Losing yourself in a good book is one of life’s great pleasures… rediscovering an old one is pure joy
In our March issue, to celebrate World Book Day, some of The Simple Things’ staff have talked about their favourite childhood books.
We’d love to hear about the books that have stayed with you since childhood, too - why you loved them, whether you have reread them as an adult, and what it was about them that made them so special. Please share your Malory Towers memories, Narnia nostalgia and Roald Dahl reminiscences with us in the comments below.
To whet your appetite, here’s our Blog Editor, Iona Bower’s choice:
by Mary Norton
Read by Iona Bower (blog editor) aged seven
Who, when they are small, could fail to love a story about little people lording it over big people? I was completely rapt by this tale of tiny folk who lived beneath the kitchen floor, making use of the everyday items of ‘human beans’ and repurposing them: cotton reels to sit on, matchboxes for chests of drawers… to this day I’d still love a living room decorated with giant paper made from sheets of handwritten letters.
The book’s a proper thriller, too; I devoured the second half in more or less one go. It’s also a tale that never ages. Published in 1952, read it now and you’d swear it was an allegory for the current refugee crisis. I’ve read it as an adult, and what struck me was the very complex narrative structure for a children’s book. It has a framed narrative (which I credit for my later obsession with Wuthering Heights). It’s told by someone called ‘Kate’ but you’re never sure if that is her name, and she’s recounting a story by Mrs May, who is in turn recounting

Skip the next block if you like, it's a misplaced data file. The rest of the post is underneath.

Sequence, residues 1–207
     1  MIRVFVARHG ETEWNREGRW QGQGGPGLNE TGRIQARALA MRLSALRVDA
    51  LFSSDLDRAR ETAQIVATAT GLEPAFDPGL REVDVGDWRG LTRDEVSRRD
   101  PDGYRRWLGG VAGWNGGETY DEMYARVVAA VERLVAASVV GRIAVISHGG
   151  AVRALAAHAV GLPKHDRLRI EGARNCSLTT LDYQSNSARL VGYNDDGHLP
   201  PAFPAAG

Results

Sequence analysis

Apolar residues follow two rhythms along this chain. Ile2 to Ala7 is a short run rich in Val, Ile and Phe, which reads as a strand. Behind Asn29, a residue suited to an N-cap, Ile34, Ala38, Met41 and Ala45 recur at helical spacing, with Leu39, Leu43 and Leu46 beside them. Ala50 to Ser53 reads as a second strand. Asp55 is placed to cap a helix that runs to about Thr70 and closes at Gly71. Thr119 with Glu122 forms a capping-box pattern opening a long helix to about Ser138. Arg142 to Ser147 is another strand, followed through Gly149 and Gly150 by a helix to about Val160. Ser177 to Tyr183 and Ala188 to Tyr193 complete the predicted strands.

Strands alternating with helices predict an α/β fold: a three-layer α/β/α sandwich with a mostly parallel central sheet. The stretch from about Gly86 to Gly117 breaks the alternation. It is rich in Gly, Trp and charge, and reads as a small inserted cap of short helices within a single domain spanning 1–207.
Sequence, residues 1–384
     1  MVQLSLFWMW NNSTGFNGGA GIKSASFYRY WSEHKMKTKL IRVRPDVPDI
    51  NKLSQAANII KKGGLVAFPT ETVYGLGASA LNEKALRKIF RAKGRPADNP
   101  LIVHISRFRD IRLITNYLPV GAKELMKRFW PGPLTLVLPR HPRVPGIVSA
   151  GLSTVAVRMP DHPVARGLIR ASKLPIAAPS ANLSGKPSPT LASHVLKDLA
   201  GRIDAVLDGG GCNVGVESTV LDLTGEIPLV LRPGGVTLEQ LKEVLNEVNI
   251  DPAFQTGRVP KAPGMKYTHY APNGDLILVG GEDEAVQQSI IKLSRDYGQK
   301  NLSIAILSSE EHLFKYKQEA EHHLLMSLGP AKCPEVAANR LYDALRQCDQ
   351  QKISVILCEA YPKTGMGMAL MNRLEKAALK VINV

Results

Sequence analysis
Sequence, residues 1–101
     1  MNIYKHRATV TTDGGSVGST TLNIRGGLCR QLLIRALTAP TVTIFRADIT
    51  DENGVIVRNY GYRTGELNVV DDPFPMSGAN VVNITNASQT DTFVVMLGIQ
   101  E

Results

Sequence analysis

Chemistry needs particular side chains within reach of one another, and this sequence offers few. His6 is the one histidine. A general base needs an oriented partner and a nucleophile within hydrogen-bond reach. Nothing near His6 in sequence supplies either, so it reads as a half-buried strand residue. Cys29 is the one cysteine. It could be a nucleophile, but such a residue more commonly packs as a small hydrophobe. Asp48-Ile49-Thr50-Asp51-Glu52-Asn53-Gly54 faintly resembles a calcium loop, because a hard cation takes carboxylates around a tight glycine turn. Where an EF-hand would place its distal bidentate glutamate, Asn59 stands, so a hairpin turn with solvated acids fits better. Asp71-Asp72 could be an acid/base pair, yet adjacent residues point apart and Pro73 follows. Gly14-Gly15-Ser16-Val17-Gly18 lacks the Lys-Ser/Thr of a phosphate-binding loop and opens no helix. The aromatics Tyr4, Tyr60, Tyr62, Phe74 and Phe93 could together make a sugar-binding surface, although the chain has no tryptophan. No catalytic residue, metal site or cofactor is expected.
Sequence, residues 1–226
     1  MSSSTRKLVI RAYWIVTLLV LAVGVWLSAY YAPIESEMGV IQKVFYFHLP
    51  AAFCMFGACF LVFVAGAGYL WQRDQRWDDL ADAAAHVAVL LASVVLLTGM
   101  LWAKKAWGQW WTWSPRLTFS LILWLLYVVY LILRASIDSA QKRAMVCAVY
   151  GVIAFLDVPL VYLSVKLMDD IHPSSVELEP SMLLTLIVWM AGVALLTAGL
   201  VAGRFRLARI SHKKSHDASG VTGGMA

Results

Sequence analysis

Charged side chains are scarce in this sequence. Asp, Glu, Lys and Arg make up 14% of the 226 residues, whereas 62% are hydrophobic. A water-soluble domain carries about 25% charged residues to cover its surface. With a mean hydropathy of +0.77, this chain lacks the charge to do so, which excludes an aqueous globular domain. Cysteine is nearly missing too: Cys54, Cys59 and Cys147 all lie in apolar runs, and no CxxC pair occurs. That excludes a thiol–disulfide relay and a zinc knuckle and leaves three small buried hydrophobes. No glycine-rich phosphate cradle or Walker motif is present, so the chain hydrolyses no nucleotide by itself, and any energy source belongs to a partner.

her brother’s story of meeting the borrowers. Still with us? Good. Because the story ends halfway through the book. The rest is mere conjecture.
And that’s what I love about it. You know nothing. It’s a huge leap of faith but no one reads The Borrowers (even the gut-wrenching twist of a last line, which I won’t reveal) and doesn’t ‘just know’ they are real. My son read it at the same age. I knew he’d finished it when he came thundering downstairs demanding: “Are there more Borrowers books? It says in the back that there are. Are the borrowers real? Are they ok?” And I said, “I don’t know. You’d better read the others and decide.” The Borrowers is a book that makes readers. Give that Mary Norton a medal